Remember that a dog’s breed is not a guarantee of the dog’s behavior. Whether you get a puppy or an older dog, it is important to observe his or her behavior prior to adoption or purchase. Is the dog fearful or skittish? Is the dog comfortable being handled? Is he/she friendly without being insanely rambunctious? You are looking for a dog that is very comfortable around people, one that is not fazed by sudden movements or being touched or hugged.
Basically, you need a dog that will not react negatively to the types of behavior the average small child will engage in with his or her dog. Here is a very short list (by no means complete) of some excellent breeds for small children.
Labs are wonderful, friendly dogs. They are usually eager to please and
tolerant of the sort of handling little tykes so often dole out. They are sturdy too, which is important with small kids. You will need to train the dog so he or she learns to be gentle and not knock the kids over out of sheer joy and exuberance.
They are very similar to Labs, although in my experience sometimes a bit calmer. They do shed a bit more than Labs.
I will admit to being a bit biased on the topic of Bassets. I have “been owned” by them for the past few decades. That said, my preference is based on experience. Bassets are often islands of calm, which is nice when the kids are bouncing off the walls. They tolerate the roughest treatment with a shrug and tail wag. They are goofy, friendly, wonderful dogs. A downside is they sometimes have a pretty distinctive hound smell, which is not for everyone. Still, these are amazing kid-friendly dogs. One other thing: they can get bigger than a lot of people realize. Males can weigh 85-plus pounds, making them a handful.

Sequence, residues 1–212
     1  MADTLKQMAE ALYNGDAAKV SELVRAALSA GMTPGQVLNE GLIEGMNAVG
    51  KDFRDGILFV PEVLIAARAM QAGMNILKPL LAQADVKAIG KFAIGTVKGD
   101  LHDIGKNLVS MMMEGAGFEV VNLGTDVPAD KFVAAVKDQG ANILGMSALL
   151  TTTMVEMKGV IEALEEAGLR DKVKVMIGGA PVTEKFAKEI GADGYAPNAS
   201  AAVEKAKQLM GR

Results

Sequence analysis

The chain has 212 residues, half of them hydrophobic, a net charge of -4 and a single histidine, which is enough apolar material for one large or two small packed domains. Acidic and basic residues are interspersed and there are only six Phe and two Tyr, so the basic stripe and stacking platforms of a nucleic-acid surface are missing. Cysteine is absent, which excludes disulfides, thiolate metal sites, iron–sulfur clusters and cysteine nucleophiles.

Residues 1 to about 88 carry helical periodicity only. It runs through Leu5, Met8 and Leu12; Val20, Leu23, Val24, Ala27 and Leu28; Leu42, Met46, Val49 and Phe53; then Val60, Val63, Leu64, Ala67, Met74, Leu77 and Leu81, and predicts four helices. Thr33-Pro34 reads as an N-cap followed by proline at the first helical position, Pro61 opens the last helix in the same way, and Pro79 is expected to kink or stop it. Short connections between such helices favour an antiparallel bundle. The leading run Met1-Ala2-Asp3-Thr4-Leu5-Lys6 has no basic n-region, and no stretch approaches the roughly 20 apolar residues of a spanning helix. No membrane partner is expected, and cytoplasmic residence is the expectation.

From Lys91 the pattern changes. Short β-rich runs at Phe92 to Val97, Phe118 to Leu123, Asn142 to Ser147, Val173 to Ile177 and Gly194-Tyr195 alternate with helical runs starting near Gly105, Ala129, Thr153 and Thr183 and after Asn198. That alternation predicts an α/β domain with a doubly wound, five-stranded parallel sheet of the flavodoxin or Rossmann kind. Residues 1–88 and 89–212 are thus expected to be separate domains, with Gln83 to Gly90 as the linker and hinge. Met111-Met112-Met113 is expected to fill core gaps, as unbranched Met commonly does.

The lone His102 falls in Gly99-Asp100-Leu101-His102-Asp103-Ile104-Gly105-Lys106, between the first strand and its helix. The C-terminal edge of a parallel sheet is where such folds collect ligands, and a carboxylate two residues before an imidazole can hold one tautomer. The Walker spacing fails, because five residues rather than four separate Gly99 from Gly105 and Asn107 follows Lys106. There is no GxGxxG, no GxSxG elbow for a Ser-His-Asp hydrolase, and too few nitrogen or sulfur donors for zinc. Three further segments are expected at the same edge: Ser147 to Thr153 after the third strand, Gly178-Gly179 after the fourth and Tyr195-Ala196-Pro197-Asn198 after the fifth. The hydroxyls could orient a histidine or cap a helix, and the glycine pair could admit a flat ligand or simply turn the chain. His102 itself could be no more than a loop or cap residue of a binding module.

Strange choice? Not really. These gentle giants are great kid dogs. They are calm, loving, and infinitely tolerant. The only things to understand about the breed are 1) They often don’t live very long, only 8 to 11 years, and 2) they shed—and drool. Plus, well, they are huge, which poses its own challenges. Still, if you are looking for a lot of dog that is great with kids, this can be a very wise choice.
This is a good pick for children or parents with allergies. Poodles are highly intelligent and friendly, have good temperaments, and are good with children. Standard poodles are sturdy dogs who can withstand a fair amount of rough kiddie treatment. I have always liked this breed and over the years have seen numerous families with these dogs.
You will notice I did not pick any smaller breeds — bichon frise, cocker spaniels, etc. In my experience, the average one- to four-year-old child is, by his or her very nature, too rough for smaller breeds. It is better to choose a larger dog that can deal with small children’s normal behavior than delude yourself into thinking you will be able to monitor their interaction and thus keep everyone safe. Remember there is risk for the dog as well as the child.
Again, remember that every dog is an individual and if you are introducing a dog into a home with children, you should do research before you choose the right dog for your family.